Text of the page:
This week of #JVStories, Katie a FJV living in Colorado shares more about living out the four values of spirituality, community, simple lifestyle and social justice as a mother of a toddler. She shares more about a community of women she has found that are working to incorporate the four values into their lives now that they aren’t in their JV year or have growing families.
By Katie Lacz
Life as a mom in my early thirties looks much different from life as a JV. Instead of a drafty house in Raleigh, I live in a two-story house in white suburbia. Instead of an hour-long bus ride to and from my work site, I shuttle around my toddler to daycare, play dates, and Target runs. Debates about using our money to turn up our thermostat or to buy extra food are now conversations with a two-year-old about why cake is not a breakfast food.
In some ways, 22-year-old me might look at this scenario and be disappointed. I had just woken up to the intersection of faith and social justice. When I pondered my future, I thought if I didn’t look like Dorothy Day, I wasn’t doing it right.
Then I am reminded of the story of the great Rabbi Zusha, who realized at the end of his life that God wasn’t going to ask him, “Why weren’t you more like Moses?” God WOULD ask the question, “Why weren’t you more like Zusha?” So, I try to ask myself, how do I stop trying to be Dorothy Day, and be who God calls me to be in the midst of parenting a toddler?
What I try to remember is that the four values of JVC still guide me. They can be drawn into the rhythms of our current life in creative ways. Thankfully, I have recently found a community of women who long to live these values too. They share some of their ideas on how to live the values of simplicity, spirituality, community and social justice in the midst of motherhood. Here’s what we talked about:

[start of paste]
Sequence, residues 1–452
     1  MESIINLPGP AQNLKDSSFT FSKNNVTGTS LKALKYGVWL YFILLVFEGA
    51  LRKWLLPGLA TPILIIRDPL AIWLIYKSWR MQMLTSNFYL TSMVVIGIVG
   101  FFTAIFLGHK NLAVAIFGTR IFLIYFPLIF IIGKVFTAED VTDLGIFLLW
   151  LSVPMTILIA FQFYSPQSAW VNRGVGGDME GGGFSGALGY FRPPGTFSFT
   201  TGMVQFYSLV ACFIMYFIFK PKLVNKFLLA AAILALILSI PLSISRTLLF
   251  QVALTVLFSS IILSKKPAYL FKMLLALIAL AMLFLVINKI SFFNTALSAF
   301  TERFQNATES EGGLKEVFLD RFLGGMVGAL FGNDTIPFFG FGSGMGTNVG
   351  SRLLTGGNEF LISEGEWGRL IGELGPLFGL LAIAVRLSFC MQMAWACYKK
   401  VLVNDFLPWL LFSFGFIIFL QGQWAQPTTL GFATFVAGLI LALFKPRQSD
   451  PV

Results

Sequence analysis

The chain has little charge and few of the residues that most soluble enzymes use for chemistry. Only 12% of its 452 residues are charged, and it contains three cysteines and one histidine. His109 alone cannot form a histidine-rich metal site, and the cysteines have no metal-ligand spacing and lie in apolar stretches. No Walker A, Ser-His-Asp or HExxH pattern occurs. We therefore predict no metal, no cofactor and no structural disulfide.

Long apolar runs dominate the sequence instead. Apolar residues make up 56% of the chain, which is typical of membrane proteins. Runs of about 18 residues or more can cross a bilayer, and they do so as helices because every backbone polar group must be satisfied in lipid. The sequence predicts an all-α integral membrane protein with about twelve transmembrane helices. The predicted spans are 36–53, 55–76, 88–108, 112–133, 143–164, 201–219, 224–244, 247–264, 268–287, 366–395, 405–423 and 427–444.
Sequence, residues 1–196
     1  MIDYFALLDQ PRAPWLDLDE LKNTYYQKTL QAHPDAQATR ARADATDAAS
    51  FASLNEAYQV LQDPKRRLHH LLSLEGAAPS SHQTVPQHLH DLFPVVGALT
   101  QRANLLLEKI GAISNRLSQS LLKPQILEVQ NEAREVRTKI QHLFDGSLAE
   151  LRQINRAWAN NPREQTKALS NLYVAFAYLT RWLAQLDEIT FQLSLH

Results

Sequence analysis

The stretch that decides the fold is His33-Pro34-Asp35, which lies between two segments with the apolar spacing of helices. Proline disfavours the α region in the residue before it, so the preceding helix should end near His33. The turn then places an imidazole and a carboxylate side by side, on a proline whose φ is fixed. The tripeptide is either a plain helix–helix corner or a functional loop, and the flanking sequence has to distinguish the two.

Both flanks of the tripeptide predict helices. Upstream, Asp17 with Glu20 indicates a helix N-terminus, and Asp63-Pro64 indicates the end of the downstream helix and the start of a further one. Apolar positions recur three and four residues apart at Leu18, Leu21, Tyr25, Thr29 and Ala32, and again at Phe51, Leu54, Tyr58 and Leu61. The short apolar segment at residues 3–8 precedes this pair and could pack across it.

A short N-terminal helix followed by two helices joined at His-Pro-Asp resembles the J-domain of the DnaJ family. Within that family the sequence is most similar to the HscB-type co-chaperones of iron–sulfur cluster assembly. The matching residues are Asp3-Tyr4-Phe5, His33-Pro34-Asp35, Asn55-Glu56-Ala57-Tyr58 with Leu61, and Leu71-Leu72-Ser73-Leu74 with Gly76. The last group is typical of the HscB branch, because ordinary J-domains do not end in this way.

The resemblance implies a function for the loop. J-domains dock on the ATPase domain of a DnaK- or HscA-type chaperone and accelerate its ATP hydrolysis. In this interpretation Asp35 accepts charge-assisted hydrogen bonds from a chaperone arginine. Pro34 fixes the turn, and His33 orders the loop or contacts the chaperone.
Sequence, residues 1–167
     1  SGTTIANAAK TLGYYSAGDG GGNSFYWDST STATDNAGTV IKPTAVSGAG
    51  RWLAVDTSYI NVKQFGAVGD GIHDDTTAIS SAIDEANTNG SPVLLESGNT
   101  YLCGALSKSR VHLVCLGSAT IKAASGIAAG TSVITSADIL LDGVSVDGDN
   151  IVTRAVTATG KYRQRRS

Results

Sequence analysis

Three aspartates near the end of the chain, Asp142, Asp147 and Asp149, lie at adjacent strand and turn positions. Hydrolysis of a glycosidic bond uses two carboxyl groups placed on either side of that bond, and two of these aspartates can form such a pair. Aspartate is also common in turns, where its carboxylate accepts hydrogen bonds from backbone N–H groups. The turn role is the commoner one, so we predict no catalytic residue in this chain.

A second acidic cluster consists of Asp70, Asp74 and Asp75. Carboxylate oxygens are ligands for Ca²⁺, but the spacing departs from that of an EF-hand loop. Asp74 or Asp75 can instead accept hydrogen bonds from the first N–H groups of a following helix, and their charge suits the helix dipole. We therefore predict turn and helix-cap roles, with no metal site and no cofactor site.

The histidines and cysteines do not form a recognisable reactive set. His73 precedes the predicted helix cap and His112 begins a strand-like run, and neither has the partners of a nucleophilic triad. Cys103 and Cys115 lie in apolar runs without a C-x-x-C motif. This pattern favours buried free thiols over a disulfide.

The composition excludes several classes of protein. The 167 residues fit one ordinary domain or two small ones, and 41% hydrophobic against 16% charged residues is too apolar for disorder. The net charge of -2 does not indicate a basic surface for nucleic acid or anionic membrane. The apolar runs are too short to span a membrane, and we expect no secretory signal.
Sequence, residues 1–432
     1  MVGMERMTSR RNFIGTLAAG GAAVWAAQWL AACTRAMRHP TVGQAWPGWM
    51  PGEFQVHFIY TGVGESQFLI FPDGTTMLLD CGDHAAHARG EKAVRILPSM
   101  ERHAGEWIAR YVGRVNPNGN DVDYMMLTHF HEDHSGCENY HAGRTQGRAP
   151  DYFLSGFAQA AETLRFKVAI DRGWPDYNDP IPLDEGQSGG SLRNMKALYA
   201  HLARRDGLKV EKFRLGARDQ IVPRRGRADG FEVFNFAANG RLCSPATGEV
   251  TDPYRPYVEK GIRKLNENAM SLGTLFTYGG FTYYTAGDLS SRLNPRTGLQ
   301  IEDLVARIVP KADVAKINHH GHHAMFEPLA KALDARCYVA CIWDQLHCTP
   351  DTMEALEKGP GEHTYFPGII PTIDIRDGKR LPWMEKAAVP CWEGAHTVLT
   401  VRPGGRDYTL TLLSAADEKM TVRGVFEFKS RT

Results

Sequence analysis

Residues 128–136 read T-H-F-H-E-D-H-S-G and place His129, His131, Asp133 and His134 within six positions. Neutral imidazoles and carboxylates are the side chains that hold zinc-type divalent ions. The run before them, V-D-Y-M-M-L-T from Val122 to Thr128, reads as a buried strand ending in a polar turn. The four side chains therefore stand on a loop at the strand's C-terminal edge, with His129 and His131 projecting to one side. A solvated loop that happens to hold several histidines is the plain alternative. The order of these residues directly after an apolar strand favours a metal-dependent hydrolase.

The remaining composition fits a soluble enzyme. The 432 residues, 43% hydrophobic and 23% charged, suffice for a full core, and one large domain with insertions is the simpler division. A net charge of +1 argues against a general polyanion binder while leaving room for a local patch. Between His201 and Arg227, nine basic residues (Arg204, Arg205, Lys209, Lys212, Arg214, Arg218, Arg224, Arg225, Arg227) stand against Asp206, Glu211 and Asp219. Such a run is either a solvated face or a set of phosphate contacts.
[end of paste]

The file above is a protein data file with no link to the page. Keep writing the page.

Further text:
My tendency has always been to measure my simplicity by the amount of “stuff” I have accumulated. Yet, as any parent of an infant or toddler knows, somehow, the “stuff” just accumulates. We do our best to buy clothing secondhand, to limit the amount of toys, and to keep toys simple and open-ended. And yet, somehow, our two-year-old sees his grandparents and says things like, “Grandma has a new toy in her bag?”
We don’t reject the challenge of limiting our stuff. But we try to remind ourselves that simplicity has to do with other elements of our lifestyle too, not just the physical goods. We take our son to the local farm store to buy fruits and veggies whenever possible. Our best attempts to garden are met with our toddler eating all of the cherry tomatoes that grew last year straight off the plant. Similarly, one friend shared this: “I love engaging [my kids] in grounded work–like earthy, dirty work that is also learning about the birds/grubs/bugs/hornets/honeybees in our backyard and the jobs they all do.” Another shared that cooking a meal together helps her kids appreciate the many hands that influence the food they eat.
Ultimately, a sense of humor helps, because different values will be easier to live out at different seasons in our lives. When I asked Kate, a fellow FJV, about simplicity, she said, “Well, my kids cutting up brand new paper into shreds? Probably disqualifies us.”
When I ask friends about this I am reminded that spirituality rarely occurs in its own little box outside the rhythms and routines of daily life. Several spoke of the spirituality of some of the actions they do together. One child started calling the food they made to hand out to people experiencing homelessness, “snacks for God” all on her own. Another family prays whenever they hear sirens or drive by a hospital.